Inside is a fitting title for a game with such a focus on the diegetic world. The game does not employ a narrator, nor does it furnish the player with instructions. As I averred in my first game log, Inside eschews anything extra-diegetic (excluding, the menu and sparse audio) that could divert the player’s attention from the gamic world. To use one of Alexander Galloway’s terms, Inside flourishes because of how much weight it places on “diegetic operator acts.” This notion of a player’s control plays into a theme of the game: the loss of individual agency in a state led by a militant, malevolent force (the black, white, and red color scheme are, to me, an allusion to the Nazis and to Schindler’s List).

A ravenous canine chomps away at the protagonist’s neck. Shifting to a diegetic machine act, the player, without the ability to skip, must watch the gruesome scene.

Encountered in select places, a brain-control device hangs. The player can attach the boy’s head to the device, endowing him with the ability to control nearby husks (humans that cannot do anything without someone attached to the aforementioned device). When the player, for example, presses the right arrow key, the boy, legs dangling and head connected to the apparatus, moves his legs as if he were walking right; the husk actually walks to the right. Here, there are levels to this control: the player-operator inputs the command for the boy to move right, and by doing so, sets off a command chain that results in the husk’s movement. This moment bespeaks the relationship between the protagonist and the gamer: we are controlling the boy, a husk that needs a player to animate him.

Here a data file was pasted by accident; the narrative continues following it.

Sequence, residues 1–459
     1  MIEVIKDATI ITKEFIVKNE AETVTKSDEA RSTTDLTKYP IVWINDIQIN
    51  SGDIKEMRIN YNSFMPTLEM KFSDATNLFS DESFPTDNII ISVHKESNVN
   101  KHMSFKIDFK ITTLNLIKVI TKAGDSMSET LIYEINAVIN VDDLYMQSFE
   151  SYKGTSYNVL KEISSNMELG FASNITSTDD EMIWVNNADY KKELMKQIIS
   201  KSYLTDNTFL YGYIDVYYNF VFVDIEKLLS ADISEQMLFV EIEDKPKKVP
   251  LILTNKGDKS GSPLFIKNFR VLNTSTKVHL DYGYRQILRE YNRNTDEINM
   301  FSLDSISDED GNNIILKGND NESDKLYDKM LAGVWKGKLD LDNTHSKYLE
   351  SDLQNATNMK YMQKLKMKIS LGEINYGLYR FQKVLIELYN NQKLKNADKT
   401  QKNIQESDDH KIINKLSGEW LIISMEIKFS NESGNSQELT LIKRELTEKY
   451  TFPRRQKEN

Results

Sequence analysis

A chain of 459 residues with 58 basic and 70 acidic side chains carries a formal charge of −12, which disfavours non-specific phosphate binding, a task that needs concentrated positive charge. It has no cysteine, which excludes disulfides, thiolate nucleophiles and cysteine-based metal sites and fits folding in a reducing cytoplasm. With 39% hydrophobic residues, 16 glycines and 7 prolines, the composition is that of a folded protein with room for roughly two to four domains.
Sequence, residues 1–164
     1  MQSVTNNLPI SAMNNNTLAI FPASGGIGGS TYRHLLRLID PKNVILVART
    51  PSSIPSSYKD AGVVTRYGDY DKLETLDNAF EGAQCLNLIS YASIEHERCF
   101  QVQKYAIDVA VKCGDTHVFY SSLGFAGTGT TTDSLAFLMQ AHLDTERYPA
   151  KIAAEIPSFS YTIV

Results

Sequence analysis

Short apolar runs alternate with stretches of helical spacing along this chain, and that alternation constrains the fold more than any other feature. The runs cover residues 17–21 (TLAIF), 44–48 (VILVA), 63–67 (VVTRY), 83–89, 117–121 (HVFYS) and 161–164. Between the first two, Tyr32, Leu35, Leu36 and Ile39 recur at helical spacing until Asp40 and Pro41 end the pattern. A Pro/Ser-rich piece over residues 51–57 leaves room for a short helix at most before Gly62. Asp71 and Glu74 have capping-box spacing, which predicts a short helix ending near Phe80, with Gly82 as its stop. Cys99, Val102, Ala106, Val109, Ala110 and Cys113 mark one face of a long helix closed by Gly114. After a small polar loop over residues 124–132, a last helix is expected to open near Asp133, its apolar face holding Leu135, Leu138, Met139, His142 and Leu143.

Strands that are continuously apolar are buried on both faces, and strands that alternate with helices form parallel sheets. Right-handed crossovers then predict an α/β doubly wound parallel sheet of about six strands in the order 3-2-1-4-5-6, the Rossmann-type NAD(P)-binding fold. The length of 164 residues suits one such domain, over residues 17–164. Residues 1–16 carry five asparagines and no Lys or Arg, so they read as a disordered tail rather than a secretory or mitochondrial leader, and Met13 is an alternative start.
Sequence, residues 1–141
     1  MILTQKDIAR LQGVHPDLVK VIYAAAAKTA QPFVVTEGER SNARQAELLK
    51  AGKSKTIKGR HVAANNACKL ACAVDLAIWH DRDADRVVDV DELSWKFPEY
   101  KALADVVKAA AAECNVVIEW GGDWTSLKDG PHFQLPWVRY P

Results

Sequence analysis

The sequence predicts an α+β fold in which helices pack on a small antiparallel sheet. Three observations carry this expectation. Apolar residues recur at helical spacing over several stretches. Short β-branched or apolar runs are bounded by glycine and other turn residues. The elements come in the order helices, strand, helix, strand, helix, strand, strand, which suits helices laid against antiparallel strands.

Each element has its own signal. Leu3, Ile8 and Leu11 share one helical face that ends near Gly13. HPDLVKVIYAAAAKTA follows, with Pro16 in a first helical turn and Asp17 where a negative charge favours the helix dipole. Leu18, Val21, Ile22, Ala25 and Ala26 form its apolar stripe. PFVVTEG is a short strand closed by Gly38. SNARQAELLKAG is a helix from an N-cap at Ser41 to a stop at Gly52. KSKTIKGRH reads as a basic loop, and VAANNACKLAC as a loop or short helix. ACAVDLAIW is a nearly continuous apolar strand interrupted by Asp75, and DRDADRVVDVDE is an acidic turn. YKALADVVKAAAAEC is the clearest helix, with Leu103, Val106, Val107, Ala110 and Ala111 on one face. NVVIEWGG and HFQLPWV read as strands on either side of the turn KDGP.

The mind control apparatus that the player must use to progress through the game.

Yet, while the power dynamic appears in favor of the player, one should not forget that the husks allow for the boy to progress: they are necessary for his salvation. Now, as players, our lives are obviously not dependent on this child. Nevertheless, we cannot gain access into the game without the child; our experience hinges on his survival. To me, this reads as quite selfish and returns me to the game’s theme of control. I ended my first game log on the thought that the player feels responsible for every time the protagonist dies. While I have not finished the game, I find it interesting that the boy’s survival depends on how well we can control him. Perhaps, this is a metaphor for the great influence we have on others’ lives.

Copy the husks or be killed. The player, while still in control, must act according to the others.